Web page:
Think about that.

Gina Spadafori

I know Christie has written about cat vax protocols. Hoping she'll offer a link.

I have a couple of "back-up" vets I sometimes use for routine stuff when I can't get in to see my super marvelous and gifted primary care veterinarian. One of the back-ups got herself an earful from me for lecturing me after I refused an aggressive over-vaccination sked for Clara e Ilario.


Colorado Transplant

This illumination on vaccinations is so important!

Thanks, Christie, for putting on this blog.

I have cats, but I am sure that some of this applies to cats, also.


Found out through titre tests that the Schnauzer I adopted, is over-vaccinated through his puppy shots. Now he is receiving Thuja Occident remedy, 3 tabs, twice daily to rid his system of the over-vaccines. That is another problem with vets, most dogs receive the same amount no matter what their breed or size.

Anlina Sheng

Thank you for this. It's very difficult to find balanced info on vaccines. There seems to be the "vaccines are great! vaccinate ever year! vaccines are 100% safe!" crowd, and then the "vaccines are bad! vaccines are poison! any vaccinations will kill your pet and do nothing to prevent disease! homeopathy is the only way!" crowd and they're both loud and full of information they want to thrust on you and their agendas seem to take precedence over actual science.

I only have cats but it seems like the general advice here would apply to both cats and dogs and at the very least provides some idea of what a reasonable vax schedule should look like. Vaccinating every year seems excessive but not vaccinating at all regardless of the circumstances sounds like folly too.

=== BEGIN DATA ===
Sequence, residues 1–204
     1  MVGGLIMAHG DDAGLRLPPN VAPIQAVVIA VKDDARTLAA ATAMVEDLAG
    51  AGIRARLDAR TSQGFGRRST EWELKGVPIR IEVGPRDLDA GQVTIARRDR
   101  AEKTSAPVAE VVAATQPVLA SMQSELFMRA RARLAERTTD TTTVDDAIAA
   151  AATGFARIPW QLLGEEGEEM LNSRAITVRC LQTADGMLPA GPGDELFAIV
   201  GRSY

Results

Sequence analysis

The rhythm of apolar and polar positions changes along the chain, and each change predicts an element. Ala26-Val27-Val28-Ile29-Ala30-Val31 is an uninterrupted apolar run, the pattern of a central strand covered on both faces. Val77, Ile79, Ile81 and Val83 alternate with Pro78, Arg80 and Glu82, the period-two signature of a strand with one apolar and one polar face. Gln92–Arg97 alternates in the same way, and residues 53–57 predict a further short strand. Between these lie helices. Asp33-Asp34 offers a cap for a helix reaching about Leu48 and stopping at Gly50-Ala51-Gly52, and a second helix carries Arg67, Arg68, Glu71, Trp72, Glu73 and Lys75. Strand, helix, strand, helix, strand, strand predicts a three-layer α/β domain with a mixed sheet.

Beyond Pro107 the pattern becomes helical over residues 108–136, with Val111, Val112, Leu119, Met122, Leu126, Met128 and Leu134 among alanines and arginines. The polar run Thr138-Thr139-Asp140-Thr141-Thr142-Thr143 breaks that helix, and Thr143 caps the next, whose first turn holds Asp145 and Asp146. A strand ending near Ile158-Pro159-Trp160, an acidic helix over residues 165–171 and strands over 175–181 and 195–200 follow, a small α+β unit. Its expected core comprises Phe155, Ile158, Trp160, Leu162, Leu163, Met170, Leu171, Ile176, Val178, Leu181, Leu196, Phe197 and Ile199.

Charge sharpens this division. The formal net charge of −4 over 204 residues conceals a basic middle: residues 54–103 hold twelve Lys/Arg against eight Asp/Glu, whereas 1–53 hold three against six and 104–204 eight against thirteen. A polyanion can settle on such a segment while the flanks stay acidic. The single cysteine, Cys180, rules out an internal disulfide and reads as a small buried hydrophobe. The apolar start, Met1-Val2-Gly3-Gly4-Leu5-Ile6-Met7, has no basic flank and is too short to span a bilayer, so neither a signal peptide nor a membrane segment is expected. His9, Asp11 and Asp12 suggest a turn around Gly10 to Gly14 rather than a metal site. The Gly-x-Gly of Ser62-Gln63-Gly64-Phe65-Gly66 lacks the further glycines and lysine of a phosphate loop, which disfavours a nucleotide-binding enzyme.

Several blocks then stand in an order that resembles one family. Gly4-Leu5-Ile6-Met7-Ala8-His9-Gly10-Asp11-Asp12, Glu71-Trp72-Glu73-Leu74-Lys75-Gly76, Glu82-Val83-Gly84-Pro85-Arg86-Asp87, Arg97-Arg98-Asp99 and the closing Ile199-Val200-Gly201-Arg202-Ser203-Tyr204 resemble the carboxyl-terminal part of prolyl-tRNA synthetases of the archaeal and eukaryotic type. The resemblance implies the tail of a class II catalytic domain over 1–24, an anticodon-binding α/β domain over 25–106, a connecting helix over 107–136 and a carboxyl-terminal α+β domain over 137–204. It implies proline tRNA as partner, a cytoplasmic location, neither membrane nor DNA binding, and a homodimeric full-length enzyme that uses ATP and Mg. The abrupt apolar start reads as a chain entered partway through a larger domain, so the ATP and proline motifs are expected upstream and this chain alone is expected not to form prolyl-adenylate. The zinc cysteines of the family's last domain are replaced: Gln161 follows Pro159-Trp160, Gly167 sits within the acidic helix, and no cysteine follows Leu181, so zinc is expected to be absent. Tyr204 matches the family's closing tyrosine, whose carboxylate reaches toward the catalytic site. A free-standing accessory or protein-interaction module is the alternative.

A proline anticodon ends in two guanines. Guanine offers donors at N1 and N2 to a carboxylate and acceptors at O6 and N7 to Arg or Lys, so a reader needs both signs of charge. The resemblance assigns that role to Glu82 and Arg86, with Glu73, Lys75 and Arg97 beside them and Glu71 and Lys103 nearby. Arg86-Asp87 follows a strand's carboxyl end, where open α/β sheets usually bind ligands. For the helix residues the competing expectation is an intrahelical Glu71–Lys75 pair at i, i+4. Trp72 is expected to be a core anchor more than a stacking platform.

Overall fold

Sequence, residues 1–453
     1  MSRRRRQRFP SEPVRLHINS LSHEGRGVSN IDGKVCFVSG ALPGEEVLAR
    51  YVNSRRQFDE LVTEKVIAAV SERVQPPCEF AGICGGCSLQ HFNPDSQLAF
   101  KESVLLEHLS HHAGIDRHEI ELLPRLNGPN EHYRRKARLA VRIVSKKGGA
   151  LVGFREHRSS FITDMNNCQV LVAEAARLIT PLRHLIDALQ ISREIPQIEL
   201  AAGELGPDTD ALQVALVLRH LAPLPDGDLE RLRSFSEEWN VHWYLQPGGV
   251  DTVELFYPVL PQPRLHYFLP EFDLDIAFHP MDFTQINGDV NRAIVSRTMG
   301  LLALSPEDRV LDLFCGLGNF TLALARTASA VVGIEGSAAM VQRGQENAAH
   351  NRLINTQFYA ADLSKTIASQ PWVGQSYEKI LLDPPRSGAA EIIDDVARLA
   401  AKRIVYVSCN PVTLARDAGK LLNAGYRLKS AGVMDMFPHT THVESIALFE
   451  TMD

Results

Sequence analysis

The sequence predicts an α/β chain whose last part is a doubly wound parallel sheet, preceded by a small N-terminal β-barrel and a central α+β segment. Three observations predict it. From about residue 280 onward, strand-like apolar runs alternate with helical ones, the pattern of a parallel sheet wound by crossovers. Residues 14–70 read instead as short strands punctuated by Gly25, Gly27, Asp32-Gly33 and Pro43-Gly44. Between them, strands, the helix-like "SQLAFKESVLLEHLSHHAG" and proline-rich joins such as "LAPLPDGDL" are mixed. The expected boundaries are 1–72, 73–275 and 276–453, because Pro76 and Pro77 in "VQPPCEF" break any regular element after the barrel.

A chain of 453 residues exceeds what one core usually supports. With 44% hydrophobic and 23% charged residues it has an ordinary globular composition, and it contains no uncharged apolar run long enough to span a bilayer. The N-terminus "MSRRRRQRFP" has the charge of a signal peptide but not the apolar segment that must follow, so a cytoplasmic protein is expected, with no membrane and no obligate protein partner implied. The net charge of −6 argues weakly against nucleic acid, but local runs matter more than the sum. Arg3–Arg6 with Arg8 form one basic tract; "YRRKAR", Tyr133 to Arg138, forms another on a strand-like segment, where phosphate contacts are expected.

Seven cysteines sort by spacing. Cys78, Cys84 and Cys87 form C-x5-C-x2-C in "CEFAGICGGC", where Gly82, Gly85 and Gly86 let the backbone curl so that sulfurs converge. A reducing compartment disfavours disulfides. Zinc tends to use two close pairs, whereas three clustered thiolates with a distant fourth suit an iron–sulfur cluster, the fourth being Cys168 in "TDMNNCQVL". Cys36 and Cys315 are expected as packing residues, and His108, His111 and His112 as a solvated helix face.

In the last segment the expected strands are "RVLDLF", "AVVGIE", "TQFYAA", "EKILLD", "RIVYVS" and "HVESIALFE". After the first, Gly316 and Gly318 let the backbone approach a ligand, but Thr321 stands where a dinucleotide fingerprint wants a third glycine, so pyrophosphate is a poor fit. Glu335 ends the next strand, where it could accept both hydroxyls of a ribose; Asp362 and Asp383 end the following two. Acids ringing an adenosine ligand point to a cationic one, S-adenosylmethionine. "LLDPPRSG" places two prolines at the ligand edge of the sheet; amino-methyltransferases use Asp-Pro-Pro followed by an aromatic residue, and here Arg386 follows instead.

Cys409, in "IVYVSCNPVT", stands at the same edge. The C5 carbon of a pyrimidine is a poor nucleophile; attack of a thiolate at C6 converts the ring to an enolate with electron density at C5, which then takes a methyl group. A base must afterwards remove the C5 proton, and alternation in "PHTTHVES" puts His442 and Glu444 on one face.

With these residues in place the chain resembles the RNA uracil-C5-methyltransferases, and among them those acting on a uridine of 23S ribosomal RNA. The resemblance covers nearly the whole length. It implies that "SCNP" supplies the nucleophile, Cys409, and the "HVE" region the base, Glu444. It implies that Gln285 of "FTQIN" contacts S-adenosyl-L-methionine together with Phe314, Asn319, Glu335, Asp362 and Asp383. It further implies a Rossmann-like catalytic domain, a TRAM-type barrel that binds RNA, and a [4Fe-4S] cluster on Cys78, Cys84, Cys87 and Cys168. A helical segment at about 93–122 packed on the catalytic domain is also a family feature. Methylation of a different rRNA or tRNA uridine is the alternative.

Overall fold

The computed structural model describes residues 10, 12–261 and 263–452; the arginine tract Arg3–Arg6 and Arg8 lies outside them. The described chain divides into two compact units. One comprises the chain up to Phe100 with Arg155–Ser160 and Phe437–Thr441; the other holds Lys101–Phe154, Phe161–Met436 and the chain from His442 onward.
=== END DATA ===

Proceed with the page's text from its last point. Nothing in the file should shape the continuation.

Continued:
I'm very fortunate that the vets I deal with have been accepting of the medical and health choices I make for my cats, but some times it's difficult getting enough information to even make that informed choice.


That is a brilliant idea Pat. After living with a dog that had cluster seizures after a group of vaccinations, then seeing my new dog get flu-like symptoms the day after a mix of puppy vac's - I refuse to allow any of my dogs to get more than one at a time. If we could add to that just getting parvo or distemper in one vaccination, I'd be THRILLED.

I suspect that the combo shots are a relic of the annual vaccination protocols. It would be great to see single disease vaccinations as an alternative.


Comment by Alison regarding restarting the vaccine series if the boosters are missed or skipped, ... but perhaps he’s just so ‘old school’ he actually did believe it?

Possibly -- I can remember being told much the same thing as late as the late 70s, but even then, it was from a vet who was nearing retirement. My then-new vet debunked it back in 1981 ... so if this chap was going on about it any time recently, I'd say he was really far out of the loop.


4) if the animal is not revaccinated at or before one year the “whole vaccination program needs to be started again”. — Not True

I'm surprised that *any* veterinarian would actually believe this.